Phooey on the Communist Manifesto (aka: It Ain’t Socialism)

The Communist Manifesto is one of the most shallow, overly simplistic, lock-minded pieces of superficial thinking I’ve ever read.

I know this only because I recently took the time to actually read it for myself. Before that, I had only heard how bad it is. Though I had heard that for my entire long life, I had never bothered to read and consider what it actually says in order to knowledgably form my own opinion of it. To my discredit, I had always passively accepted the opinions of others that found their way to me—quite the same way so many people passively adopt others’ opinions about religion without actually studying it for themselves. Lazy—in both cases.

It was not hard for such anti-communist opinions to find their way to me, because the western society I was born into is super-saturated with the anti-communist propaganda of industrial-corporate America, which would be abolished if the Communist Manifesto had its way. It isn’t called propaganda, or even recognized as such, but that’s what it is. In American society, even speaking the word communist in any context other than derisive is as politically incorrect as standing up and shouting shit in church.

The lords and scions of corporate industry don’t like it, this grizzled old communist cornerstone that so fiercely advocates for their extinction. They are indeed the foremost target of the hatred so repetitiously expressed in the Manifesto. Before the Communist Manifesto’s polemical firing squad, they’re at the head of the line, followed by lesser targets such as ordinary small companies, smaller entrepreneurs down to mom-and-pop corner grocers, and anybody else out trying to hustle an honest buck to get by in our monolithic capitalist economy that is the extreme opposite of communism.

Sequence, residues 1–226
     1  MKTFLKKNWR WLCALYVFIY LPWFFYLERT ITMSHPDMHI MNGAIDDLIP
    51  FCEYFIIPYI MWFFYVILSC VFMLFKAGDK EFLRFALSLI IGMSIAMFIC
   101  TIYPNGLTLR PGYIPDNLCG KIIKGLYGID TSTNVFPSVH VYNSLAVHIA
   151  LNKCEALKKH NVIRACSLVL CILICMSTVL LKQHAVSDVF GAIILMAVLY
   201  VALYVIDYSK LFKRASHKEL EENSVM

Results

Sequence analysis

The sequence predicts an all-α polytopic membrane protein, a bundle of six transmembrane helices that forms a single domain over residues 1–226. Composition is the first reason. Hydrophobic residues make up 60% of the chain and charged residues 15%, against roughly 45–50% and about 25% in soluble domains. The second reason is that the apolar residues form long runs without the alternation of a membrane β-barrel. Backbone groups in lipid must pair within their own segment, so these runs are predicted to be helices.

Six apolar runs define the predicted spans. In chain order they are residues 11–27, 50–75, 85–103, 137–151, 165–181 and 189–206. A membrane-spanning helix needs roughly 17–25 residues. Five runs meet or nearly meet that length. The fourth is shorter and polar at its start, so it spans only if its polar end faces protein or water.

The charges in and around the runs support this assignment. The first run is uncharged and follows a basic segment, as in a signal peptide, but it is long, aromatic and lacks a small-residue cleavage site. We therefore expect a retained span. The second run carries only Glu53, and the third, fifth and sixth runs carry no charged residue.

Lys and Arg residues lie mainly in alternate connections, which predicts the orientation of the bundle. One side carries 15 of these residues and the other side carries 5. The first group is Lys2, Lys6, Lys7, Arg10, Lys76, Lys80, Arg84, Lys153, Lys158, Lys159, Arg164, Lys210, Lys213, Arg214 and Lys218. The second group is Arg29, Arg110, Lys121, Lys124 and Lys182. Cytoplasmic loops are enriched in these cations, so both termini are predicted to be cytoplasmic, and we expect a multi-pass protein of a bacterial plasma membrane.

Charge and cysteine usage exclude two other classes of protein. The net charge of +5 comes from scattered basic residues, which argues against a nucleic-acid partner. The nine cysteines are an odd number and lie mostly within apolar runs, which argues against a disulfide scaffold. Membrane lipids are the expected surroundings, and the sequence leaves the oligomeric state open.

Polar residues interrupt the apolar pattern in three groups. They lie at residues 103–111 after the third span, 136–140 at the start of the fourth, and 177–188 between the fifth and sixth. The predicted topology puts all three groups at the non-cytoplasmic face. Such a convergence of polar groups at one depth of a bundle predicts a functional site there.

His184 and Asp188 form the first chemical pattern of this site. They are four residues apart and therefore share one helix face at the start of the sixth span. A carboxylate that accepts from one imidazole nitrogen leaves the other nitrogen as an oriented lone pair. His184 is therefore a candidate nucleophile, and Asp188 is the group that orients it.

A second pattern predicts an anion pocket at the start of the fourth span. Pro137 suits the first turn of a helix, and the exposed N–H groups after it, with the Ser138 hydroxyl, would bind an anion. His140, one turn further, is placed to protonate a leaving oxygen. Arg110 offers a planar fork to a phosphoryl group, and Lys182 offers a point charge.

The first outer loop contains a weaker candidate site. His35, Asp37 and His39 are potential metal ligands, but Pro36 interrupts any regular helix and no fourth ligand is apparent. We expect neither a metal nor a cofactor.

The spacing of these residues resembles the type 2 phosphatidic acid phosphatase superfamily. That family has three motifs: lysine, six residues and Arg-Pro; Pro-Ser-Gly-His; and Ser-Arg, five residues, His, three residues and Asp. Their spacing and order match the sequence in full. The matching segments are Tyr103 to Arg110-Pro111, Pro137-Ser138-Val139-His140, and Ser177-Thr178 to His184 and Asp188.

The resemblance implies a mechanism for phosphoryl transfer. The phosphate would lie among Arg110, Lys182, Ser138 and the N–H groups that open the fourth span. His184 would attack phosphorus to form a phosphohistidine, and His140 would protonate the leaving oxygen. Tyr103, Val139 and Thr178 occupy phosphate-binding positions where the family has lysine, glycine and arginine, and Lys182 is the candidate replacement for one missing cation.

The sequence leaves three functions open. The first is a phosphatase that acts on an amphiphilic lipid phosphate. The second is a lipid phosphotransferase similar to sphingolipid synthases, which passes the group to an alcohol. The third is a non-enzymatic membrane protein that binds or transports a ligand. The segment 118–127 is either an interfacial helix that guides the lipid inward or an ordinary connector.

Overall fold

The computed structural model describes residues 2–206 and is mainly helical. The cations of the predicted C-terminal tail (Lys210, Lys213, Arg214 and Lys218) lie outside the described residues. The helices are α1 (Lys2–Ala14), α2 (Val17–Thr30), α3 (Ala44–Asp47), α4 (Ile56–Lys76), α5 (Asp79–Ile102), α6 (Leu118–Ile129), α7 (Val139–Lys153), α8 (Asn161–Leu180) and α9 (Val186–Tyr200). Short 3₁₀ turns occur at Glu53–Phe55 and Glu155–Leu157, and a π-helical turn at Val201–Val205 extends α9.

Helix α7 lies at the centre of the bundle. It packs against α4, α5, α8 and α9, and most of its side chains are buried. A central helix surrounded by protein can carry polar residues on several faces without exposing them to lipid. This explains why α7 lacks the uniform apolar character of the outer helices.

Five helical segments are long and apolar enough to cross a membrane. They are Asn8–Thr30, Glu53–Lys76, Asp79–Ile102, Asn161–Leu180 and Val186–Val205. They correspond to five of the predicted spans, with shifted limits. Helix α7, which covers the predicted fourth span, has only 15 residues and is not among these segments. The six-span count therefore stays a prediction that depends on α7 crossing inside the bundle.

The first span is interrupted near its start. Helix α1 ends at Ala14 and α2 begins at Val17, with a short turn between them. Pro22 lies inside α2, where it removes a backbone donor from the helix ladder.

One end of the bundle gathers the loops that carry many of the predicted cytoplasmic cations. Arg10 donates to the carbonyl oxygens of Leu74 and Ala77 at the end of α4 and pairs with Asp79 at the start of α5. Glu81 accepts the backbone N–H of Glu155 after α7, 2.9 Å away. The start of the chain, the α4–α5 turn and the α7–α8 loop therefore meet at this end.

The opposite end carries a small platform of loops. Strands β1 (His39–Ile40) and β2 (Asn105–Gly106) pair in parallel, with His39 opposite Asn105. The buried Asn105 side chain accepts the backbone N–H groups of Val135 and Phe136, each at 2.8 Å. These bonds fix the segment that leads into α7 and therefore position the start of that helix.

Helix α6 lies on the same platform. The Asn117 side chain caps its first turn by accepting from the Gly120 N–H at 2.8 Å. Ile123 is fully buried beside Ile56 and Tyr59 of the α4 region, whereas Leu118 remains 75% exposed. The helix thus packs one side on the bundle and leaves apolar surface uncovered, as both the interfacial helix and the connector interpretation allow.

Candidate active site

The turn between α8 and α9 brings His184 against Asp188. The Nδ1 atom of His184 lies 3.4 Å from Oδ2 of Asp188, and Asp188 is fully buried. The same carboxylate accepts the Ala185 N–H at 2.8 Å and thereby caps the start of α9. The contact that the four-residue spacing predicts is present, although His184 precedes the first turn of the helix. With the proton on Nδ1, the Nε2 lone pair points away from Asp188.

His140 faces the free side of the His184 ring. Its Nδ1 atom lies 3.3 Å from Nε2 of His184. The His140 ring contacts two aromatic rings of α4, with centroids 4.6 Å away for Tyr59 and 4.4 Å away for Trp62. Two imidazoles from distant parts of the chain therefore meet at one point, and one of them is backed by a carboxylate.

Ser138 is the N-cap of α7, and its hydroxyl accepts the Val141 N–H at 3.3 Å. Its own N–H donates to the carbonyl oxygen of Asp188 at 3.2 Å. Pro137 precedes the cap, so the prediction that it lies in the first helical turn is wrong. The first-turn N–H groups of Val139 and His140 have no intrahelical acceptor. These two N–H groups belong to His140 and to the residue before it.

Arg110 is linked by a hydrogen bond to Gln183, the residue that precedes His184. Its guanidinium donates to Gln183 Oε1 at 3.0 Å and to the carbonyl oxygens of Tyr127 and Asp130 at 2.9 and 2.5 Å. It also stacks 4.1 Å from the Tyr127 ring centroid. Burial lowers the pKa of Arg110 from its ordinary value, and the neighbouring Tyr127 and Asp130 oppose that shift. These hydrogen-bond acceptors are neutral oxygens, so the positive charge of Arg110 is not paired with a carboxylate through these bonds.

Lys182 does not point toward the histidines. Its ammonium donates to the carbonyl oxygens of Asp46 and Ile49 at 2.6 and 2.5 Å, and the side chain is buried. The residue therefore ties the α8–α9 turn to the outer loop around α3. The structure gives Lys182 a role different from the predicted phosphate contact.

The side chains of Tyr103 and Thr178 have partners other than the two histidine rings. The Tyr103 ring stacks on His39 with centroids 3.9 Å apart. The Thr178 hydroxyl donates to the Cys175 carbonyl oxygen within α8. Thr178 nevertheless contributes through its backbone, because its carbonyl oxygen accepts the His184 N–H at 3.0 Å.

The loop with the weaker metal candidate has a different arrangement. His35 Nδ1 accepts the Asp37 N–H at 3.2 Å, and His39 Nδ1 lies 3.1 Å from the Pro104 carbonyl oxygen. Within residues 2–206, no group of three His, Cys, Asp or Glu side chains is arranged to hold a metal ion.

Never before having bothered to read the thing for myself, I was taken aback to discover how very extreme was the closed-mindedness of its authors. In a nutshell, Karl Marx and Friedrich Engels invented a mental “philosophical structure”—i.e., proletariat (lower-class workers) versus bourgeosie (middle-class entrepreneurs)—that came to so dominate their mental perspective that all other perspectives and facts must be seen as “fitting inside that structure”—even when they didn’t. Reading their most famous writing, I had to remind myself that these otherwise fairly smart guys had good and worthy intentions, that they were by no means the agents of Satan that American industrialists have painted them to be.

Marx and Engels were both German born and both became social reformers with the best of intentions to make European society a better place. They both became journalists, historians, philosophers and political theorists. By the time they met in Paris in 1844, both had already evolved into revolutionaries focused on somehow overturning the appallingly awful factory working conditions that prevailed in the industrial revolution’s mid-nineteenth century advance across Europe. Those conditions don’t get much attention in today’s press, but modern readers would find it hard to imagine the squalor, danger, physical exhaustion and petty tyranny encountered daily by men, women and, yes, children working twelve- to sixteen-hour days, every day, in the noisy, alternately freezing and overheated factories of their time.